Mahesh Memorial Trust




Leukemia

Leukemia or blood cancer is a cancer of the white blood cells (WBC). A large number of white blood cells are produced in the stem cells of the bone marrow. These immature cells are incapable of normal functions. Leukemia can be acute (rapid growing) or chronic (slowly growing).
Symptoms
Tiredness and lethargy (as a result of anemia)
Pale complexion
Frequent, prolonged or severe infections (as a result of impaired white cell function)
Frequent bruising and bleeding (as a result of platelet deficiency)
Tiny red spots (called petechiae) under the skin
Swollen or bleeding gums
Sweating, especially at night
Bone or joint pain
Loss of appetite and/or weight
Swollen or tender lymph nodes, liver, or spleen
Diagnosis
Evaluating medical history and thorough clinical examination
Routine examination of the blood, urine and stool
Biopsy - Examining cells or tissues from the suspected lesion under a microscope.
Bone marrow aspiration - Examining a sample of bone marrow under a microscope by inserting a needle into a large bone (usually the hip) and removing a small amount of liquid bone marrow.
Spinal tap (lumbar puncture) - to check for leukemia cells in the fluid that fills the spaces in and around the brain and spinal cord (cerebrospinal fluid).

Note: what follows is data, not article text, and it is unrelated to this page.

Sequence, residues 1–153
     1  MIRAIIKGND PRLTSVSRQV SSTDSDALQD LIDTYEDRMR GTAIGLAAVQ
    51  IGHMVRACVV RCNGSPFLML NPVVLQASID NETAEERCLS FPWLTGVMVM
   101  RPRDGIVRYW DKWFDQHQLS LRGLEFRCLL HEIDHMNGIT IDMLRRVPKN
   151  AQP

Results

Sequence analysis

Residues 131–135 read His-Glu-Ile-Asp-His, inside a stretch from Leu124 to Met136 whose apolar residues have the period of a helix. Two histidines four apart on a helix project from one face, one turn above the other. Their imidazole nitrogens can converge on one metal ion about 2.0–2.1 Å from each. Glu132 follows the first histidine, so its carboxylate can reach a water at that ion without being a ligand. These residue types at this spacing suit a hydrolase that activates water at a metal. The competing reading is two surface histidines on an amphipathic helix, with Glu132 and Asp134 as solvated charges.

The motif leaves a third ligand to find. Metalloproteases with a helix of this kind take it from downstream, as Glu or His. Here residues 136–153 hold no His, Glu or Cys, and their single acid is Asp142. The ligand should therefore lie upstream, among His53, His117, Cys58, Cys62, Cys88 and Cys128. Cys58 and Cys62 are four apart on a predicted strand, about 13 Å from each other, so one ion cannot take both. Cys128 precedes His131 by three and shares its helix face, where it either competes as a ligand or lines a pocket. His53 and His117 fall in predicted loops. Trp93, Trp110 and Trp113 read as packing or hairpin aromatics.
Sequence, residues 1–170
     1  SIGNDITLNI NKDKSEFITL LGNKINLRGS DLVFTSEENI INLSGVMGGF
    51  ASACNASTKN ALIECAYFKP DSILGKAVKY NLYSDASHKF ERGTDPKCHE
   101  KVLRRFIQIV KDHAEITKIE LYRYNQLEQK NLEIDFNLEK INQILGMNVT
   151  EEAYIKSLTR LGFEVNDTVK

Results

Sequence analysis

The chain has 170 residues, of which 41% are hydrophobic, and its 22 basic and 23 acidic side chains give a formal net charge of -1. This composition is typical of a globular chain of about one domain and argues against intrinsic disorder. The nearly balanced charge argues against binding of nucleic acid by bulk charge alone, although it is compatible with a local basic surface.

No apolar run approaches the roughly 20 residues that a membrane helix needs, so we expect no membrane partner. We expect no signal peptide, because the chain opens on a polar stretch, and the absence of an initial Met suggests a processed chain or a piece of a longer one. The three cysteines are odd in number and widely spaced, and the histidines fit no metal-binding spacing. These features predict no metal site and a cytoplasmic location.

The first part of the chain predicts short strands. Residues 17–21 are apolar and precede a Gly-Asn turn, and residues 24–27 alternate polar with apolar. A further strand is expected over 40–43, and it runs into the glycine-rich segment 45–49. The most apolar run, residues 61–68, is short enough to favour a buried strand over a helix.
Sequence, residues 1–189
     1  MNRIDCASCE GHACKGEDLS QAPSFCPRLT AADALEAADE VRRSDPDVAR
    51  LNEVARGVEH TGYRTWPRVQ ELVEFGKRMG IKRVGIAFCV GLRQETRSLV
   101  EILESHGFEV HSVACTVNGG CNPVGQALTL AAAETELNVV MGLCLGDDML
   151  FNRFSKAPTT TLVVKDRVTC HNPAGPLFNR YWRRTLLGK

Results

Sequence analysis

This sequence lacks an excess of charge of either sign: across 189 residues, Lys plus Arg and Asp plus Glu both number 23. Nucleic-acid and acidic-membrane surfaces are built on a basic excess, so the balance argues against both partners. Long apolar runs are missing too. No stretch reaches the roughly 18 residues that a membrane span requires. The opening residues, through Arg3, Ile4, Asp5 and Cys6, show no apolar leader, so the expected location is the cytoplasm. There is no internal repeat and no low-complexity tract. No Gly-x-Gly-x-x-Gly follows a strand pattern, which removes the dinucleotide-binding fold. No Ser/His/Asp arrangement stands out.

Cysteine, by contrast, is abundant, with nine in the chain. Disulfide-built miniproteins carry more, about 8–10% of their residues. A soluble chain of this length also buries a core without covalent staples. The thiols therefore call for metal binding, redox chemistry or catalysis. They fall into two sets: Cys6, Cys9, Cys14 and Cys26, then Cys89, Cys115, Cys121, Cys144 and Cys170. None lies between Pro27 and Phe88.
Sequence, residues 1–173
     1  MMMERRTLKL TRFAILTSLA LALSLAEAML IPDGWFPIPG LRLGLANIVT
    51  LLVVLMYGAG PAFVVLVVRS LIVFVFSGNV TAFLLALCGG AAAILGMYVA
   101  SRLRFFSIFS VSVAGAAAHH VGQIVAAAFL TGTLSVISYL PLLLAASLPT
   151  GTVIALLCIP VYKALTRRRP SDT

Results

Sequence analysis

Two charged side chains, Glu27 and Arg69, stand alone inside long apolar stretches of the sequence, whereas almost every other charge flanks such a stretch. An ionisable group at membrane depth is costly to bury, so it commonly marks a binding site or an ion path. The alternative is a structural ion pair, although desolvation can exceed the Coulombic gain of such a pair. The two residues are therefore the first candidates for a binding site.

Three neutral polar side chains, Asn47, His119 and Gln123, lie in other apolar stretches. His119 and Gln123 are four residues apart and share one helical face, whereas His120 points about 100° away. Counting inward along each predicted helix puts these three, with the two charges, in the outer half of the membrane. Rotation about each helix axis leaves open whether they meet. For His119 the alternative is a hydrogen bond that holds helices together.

Chest X-rays - Examines signs of disease in the chest.
Staging in Leukemia
Binet Staging is based on the number of lymphoid tissues that are involved (i.e., the spleen and the lymph nodes of the neck, groin, and underarms), as well as the presence of low red blood cell count (anemia) or low number of blood platelets (thrombocytopenia):

Binet Stage A - patients have fewer than three areas of enlarged lymphoid tissue. Enlarged lymph nodes of the neck, underarms, and groin, as well as the spleen, are each considered "one group," whether unilateral (one-sided) or bilateral (on both sides).

Binet Stage B patients have more than three areas of enlarged lymphoid tissue

Binet Stage C patients have anemia plus thrombocytopenia (platelets <100 ┤ 103 /ÁL).

Side Effects of the Treatment
Infections, tiredness, temporary hair loss and mouth sores
Skin reactions in the treated areas (such as a rash or redness)
Loss of appetite and decrease in the number of white blood cells that help protect the body against infection.
Risk Factors:
Very high levels of radiation
Working with certain chemicals such as benzene and formaldehyde
Patients treated with chemotherapy may later develop leukemia
Downs Syndrome and other genetic diseases
Human T-cell leukemia virus-I (HTLV-I)
Myelodysplastic syndrome
Exposure to electromagnetic fields